Why the sudden interest in state and local politics on the part of national activists such as [George] Soros? An article by Jim Holt which appeared in The New York Times Magazine of November 11, 2004 provides an explanation. With Democrat power waning in Washington, many on the left have despaired of imposing their radical agenda from the top down. They seek instead to radicalize America from the bottom up, gaining power city by city, county by county and state by state, in a relentless, political ground war. “The more conservatives succeed in reducing the the size and scope of the federal government, the more fiscal freedom the blue states will have to pursue their own idea of a just society,” writes Holt.
Much as Governor George Wallace defied the federal government’s orders to segregate Alabama schools in 1963, the left now seeks to establish itself in state houses and county seats across the nation, from which it can safely thumb its nose at federal policies it dislikes. ACORN and its Working Families Party are leading this new movement. WFP expanded into Connecticut in 2004, and promises that it will soon set up shop in all ten states where “fusion voting” – that is, cross-endorsement of candidates by multiple parties – is legal. Those states include Arkansas, Connecticut, Delaware, Idaho, Mississippi, New York, South Carolina, South Dakota, Utah and Vermont.
George Soros and his Shadow Party are keen proponents of the bottom-up strategy. They have selected New York State as a laboratory for their experiment. “New York is a state that has more Democrats than Republicans,” Soros spokesman Michael Vachon explained to The New York Sun. “If we can’t gain a foothold here, how can we expect to win on the national level?”
On August 16, 2005, Soros’s Open Society Institute helped launch a new organization called the Progressive Legislative Action Network (PLAN). OSI’s partners in the project include the Soros-funded think tank Center for American Progress, the Soros-funded activist group MoveOn, as well a number of unions, including the AFL-CIO, SEIU, AFSCME and United Steelworkers. Led by Democrat activists David Sirota and Steve Doherty, its purported mission is to seed state legislatures with pre-written, “model” legislation reflecting their leftist goals. However, Soros’s involvement with the group makes it highly unlikely that PLAN will restrict its activities to conventional lobbying. If New York offers any clue to the tactics Soros plans to employ in his state-by-state activism, we must anticipate that the Progressive Legislative Action Network will be turning up soon in more radical contexts.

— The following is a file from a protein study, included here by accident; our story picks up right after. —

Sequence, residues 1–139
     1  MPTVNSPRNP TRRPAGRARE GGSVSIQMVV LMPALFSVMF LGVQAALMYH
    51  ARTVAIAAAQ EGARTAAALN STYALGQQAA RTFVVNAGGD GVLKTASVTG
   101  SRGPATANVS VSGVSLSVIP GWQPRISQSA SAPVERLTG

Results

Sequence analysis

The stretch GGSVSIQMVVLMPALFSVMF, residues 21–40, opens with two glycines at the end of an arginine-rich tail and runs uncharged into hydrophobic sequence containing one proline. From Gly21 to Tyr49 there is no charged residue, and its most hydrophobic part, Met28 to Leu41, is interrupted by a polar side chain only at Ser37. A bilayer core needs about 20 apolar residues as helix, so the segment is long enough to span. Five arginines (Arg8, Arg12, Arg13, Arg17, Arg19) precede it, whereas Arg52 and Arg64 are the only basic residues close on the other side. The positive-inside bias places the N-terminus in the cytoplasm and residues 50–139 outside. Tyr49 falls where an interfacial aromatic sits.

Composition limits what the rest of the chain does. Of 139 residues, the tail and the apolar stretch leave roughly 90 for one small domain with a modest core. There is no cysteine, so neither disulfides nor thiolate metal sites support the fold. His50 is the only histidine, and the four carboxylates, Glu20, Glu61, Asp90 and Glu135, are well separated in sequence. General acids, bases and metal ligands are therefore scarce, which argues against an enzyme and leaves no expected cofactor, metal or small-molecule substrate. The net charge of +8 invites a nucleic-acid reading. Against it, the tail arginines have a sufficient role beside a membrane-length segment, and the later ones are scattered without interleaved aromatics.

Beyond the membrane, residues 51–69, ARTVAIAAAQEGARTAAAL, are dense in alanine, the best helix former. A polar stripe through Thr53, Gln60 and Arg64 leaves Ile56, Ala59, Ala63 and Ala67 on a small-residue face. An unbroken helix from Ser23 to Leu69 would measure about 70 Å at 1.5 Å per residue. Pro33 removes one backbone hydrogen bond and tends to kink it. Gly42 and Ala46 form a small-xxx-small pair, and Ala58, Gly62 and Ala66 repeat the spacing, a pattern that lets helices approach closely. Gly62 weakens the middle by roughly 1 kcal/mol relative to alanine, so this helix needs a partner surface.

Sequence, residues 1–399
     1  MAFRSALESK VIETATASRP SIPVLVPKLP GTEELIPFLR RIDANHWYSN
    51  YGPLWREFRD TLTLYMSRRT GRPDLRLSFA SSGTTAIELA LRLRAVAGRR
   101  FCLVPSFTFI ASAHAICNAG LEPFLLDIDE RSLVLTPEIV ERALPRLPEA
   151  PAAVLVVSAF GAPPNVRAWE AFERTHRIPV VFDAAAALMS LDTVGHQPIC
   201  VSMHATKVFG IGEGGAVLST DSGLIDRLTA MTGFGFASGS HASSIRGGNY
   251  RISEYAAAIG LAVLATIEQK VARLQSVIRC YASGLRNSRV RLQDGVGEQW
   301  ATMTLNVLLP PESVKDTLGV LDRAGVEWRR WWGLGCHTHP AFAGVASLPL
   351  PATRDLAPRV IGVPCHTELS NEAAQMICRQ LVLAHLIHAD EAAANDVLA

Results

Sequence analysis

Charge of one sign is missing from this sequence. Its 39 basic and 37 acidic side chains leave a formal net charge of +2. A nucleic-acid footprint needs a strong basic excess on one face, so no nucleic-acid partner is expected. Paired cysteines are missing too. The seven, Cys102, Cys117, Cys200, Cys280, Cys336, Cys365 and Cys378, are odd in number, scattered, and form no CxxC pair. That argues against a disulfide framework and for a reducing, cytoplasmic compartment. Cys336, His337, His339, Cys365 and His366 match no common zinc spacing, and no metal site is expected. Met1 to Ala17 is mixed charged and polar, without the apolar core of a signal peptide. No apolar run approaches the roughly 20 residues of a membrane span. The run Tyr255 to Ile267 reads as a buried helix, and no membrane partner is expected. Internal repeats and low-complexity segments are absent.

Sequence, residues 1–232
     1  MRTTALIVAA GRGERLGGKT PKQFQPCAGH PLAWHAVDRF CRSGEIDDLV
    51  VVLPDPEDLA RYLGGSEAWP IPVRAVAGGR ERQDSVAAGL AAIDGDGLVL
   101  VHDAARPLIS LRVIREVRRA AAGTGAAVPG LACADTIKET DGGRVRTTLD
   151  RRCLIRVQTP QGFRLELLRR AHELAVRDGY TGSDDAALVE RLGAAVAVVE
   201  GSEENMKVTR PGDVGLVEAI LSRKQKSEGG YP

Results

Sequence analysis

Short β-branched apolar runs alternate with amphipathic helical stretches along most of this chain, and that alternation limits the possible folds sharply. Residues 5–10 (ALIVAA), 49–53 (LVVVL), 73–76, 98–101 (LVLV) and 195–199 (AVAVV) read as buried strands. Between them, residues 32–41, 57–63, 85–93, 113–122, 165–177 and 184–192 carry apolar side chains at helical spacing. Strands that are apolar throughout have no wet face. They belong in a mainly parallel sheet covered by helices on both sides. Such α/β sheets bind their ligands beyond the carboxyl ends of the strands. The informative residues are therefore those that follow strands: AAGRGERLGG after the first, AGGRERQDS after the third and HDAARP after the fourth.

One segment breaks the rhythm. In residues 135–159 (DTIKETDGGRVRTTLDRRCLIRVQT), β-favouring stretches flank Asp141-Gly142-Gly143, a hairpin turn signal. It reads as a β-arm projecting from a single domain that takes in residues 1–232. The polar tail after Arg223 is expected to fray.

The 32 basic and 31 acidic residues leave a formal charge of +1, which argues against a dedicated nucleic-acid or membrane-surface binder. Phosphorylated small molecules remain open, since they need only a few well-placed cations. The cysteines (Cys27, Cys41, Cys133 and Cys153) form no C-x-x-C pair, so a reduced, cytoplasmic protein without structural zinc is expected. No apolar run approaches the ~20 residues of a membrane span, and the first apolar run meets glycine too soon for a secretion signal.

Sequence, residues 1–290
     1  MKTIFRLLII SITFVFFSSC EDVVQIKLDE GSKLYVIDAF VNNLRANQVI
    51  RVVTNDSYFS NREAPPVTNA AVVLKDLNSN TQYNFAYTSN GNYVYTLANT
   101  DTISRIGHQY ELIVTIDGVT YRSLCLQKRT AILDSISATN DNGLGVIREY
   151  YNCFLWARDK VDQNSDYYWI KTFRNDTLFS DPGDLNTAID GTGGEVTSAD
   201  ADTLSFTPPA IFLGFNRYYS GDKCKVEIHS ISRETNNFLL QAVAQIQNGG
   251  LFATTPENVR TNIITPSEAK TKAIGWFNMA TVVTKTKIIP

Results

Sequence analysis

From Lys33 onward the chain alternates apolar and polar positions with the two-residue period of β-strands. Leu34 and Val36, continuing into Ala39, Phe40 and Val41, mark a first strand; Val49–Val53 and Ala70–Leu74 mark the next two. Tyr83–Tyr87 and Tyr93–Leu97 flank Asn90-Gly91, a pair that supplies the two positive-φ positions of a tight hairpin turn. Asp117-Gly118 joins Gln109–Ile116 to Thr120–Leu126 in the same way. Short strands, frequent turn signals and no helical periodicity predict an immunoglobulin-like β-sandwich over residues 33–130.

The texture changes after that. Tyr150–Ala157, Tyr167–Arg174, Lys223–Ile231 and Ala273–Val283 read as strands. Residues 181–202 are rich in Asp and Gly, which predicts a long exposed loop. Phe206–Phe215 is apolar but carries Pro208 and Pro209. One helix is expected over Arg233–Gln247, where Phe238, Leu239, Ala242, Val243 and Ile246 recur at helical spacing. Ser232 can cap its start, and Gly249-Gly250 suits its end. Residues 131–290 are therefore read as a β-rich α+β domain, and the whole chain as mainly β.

In the November 2001 city elections, a coalition of far-left politicians led by the Working Families Party won a controlling, veto-proof majority on the New York City Council. ACORN thus gained effective political control over New York City. It accomplished this power grab through careful planning and timing. In 1993, New Yorkers voted in a referendum to restrict local elected officials to two consecutive terms. The new term limits came due in November 2001, at which time a majority of City Council members were forced to step down. This was the moment for which the Working Families Party had been waiting. The City Council was up for grabs.
In the electoral putsch that followed, thirty-eight new members took their seats in the City Council. This gave the radical newcomers a veto-proof majority. As Steven Malanga notes in the Manhattan Institute’s City Journal, “Almost a third of the winners ran with endorsements from the extremist Working Families Party… More than 60 percent of the new councilmen had backgrounds in government, social services, or community activism…”
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